'The loss of a parent is an experience that we all face without any training - relating to a parent through old age and illness; going through the actual death in different circumstances and whether we can help parents to have a good death; the emotional aftermath - shock, grief, relief, the effect on families; funerals, wills and other rituals; clearing out the house and keeping memories alive; recovery and carrying on with life; the longer-term changes in us and our relationship with our parents. Edited by Sydney Morning Herald literary editor, journalist and writer Susan Wyndham, My Mother, My Father is a collection of stories from 14 remarkable Australian writers, sharing what it is to feel loss, and all the experiences and memories that create the image of our parents. Contributors include Helen Garner, David Marr, Tom Keneally, Gerard Windsor, Susan Duncan and Caroline Baum. These stories are intimate, honest, moving, sometimes funny, never sentimental, and always well written.' (Publisher's blurb)
'In The Best Australian Essays 2014, Robert Manne assembles his picks of contemporary non-fiction writing. Tim Winton reflects on the impact of landscape on the Australian character; Helen Garner remembers her mother with a raw and stirring poignancy; Christos Tsiolkas wonders how the Left forgot their origins; Tim Flannery traces the history of the Great Barrier Reef and fears its destruction. With essays traversing madness, liberty under the rule of Tony Abbott, the enslaving of horses and the legacy of Doris Lessing, this sharp collection offers lucid insight, shrewd understanding and heartbreaking empathy.' (Publication summary)
'Every day I work on the edit of my book. I slog away, shifting chunks of material and moving them back, eating my salad in a daze, wondering if the linking passages I’ve written are leading me up a garden path, or are sentimental, or violate some unarticulated moral and technical code I’ve signed up to and feel trapped in or obliged to. The sheer bloody labour of writing. No one but another writer understands it—the heaving about of great boulders into a stable arrangement so that you can bound up them and plant your little flag at the very top.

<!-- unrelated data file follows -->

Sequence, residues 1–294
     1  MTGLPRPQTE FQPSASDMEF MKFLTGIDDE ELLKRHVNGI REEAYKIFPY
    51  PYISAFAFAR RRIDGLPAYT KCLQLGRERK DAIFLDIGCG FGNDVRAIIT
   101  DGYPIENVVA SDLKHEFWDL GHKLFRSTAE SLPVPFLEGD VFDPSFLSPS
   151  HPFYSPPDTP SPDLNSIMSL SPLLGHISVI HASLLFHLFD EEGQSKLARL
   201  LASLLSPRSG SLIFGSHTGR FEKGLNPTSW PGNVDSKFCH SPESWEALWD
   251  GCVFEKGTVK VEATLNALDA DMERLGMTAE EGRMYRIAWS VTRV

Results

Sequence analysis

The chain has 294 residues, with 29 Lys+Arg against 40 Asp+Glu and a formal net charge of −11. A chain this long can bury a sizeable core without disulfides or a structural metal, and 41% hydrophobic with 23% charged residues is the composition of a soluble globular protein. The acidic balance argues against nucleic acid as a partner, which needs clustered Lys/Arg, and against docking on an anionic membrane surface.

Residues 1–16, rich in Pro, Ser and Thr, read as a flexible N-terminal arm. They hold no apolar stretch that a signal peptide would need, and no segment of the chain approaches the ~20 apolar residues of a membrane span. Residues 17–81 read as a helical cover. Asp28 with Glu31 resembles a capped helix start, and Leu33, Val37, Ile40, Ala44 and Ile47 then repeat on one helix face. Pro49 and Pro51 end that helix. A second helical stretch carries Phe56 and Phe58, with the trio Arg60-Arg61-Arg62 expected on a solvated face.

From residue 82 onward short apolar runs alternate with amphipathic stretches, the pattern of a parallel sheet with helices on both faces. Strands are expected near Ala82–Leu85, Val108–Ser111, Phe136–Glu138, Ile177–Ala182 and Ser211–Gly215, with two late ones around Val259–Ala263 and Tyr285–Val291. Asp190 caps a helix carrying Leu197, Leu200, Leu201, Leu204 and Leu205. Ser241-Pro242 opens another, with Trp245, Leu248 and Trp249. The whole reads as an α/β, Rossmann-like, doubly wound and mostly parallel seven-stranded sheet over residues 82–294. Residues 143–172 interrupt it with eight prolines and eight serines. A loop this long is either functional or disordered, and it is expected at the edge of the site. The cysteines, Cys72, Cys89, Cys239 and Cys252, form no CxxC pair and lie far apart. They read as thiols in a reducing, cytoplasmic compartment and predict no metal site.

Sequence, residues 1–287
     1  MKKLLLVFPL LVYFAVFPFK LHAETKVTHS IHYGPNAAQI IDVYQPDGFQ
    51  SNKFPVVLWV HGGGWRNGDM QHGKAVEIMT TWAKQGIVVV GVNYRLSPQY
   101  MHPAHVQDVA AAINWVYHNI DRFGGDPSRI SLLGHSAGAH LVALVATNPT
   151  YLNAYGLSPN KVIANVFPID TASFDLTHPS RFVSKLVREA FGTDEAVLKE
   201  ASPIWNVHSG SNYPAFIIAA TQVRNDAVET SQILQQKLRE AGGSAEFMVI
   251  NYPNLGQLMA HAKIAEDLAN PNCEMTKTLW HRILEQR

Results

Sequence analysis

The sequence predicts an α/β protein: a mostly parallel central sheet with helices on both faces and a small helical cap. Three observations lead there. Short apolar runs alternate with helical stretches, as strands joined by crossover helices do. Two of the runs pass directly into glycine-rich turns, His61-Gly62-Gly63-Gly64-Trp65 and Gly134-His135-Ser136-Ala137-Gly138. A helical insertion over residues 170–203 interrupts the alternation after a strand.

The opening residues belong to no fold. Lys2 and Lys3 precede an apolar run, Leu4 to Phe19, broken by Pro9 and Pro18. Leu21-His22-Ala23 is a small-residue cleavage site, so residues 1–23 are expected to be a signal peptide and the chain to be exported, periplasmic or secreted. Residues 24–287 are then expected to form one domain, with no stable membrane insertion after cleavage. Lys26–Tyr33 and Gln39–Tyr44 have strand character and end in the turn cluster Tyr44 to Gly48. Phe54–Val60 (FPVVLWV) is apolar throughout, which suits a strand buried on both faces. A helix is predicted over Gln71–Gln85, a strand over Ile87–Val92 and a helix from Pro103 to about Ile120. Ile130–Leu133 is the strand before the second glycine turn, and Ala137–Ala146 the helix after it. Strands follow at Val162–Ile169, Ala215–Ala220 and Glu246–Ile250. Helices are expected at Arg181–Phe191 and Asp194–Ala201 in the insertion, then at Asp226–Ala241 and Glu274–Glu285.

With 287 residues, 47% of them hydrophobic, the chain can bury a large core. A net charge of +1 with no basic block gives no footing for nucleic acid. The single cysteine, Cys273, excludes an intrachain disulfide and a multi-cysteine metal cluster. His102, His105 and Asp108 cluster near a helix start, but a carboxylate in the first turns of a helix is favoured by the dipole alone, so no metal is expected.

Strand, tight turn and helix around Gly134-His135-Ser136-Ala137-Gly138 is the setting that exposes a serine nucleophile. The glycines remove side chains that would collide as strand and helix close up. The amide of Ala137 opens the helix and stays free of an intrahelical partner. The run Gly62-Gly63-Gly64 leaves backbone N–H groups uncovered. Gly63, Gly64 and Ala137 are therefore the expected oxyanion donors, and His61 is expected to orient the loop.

'Spanning fifteen years of work, Helen Garner’s Everywhere I Look is a book full of unexpected moments—sudden shafts of light, piercing intuition, flashes of anger and laughter. It takes us from backstage at the ballet to the trial of a woman for the murder of her newborn baby. It moves effortlessly from the significance of moving house to the pleasure of re-reading Pride and Prejudice. 'Everywhere I Look includes Garner’s famous and controversial essay on the insults of age, her deeply moving tribute to her mother and extracts from her diaries, which have been part of her working life for as long as she has been a writer. Everywhere I Look glows with insight. It is filled with the wisdom of life. ' (Publication summary)